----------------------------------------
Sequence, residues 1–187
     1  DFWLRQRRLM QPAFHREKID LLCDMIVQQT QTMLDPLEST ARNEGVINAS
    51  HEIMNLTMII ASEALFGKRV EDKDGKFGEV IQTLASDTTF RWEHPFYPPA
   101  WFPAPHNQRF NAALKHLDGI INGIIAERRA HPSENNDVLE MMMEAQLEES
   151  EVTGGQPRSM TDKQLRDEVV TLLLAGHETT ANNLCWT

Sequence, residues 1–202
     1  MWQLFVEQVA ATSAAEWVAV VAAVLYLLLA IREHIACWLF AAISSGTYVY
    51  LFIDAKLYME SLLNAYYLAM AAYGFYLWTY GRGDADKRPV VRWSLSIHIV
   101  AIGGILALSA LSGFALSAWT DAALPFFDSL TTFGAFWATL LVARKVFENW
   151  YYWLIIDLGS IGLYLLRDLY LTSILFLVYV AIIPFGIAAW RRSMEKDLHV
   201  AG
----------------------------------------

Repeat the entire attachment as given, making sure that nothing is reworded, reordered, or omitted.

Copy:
Sequence, residues 1–187
     1  DFWLRQRRLM QPAFHREKID LLCDMIVQQT QTMLDPLEST ARNEGVINAS
    51  HEIMNLTMII ASEALFGKRV EDKDGKFGEV IQTLASDTTF RWEHPFYPPA
   101  WFPAPHNQRF NAALKHLDGI INGIIAERRA HPSENNDVLE MMMEAQLEES
   151  EVTGGQPRSM TDKQLRDEVV TLLLAGHETT ANNLCWT

Sequence, residues 1–202
     1  MWQLFVEQVA ATSAAEWVAV VAAVLYLLLA IREHIACWLF AAISSGTYVY
    51  LFIDAKLYME SLLNAYYLAM AAYGFYLWTY GRGDADKRPV VRWSLSIHIV
   101  AIGGILALSA LSGFALSAWT DAALPFFDSL TTFGAFWATL LVARKVFENW
   151  YYWLIIDLGS IGLYLLRDLY LTSILFLVYV AIIPFGIAAW RRSMEKDLHV
   201  AG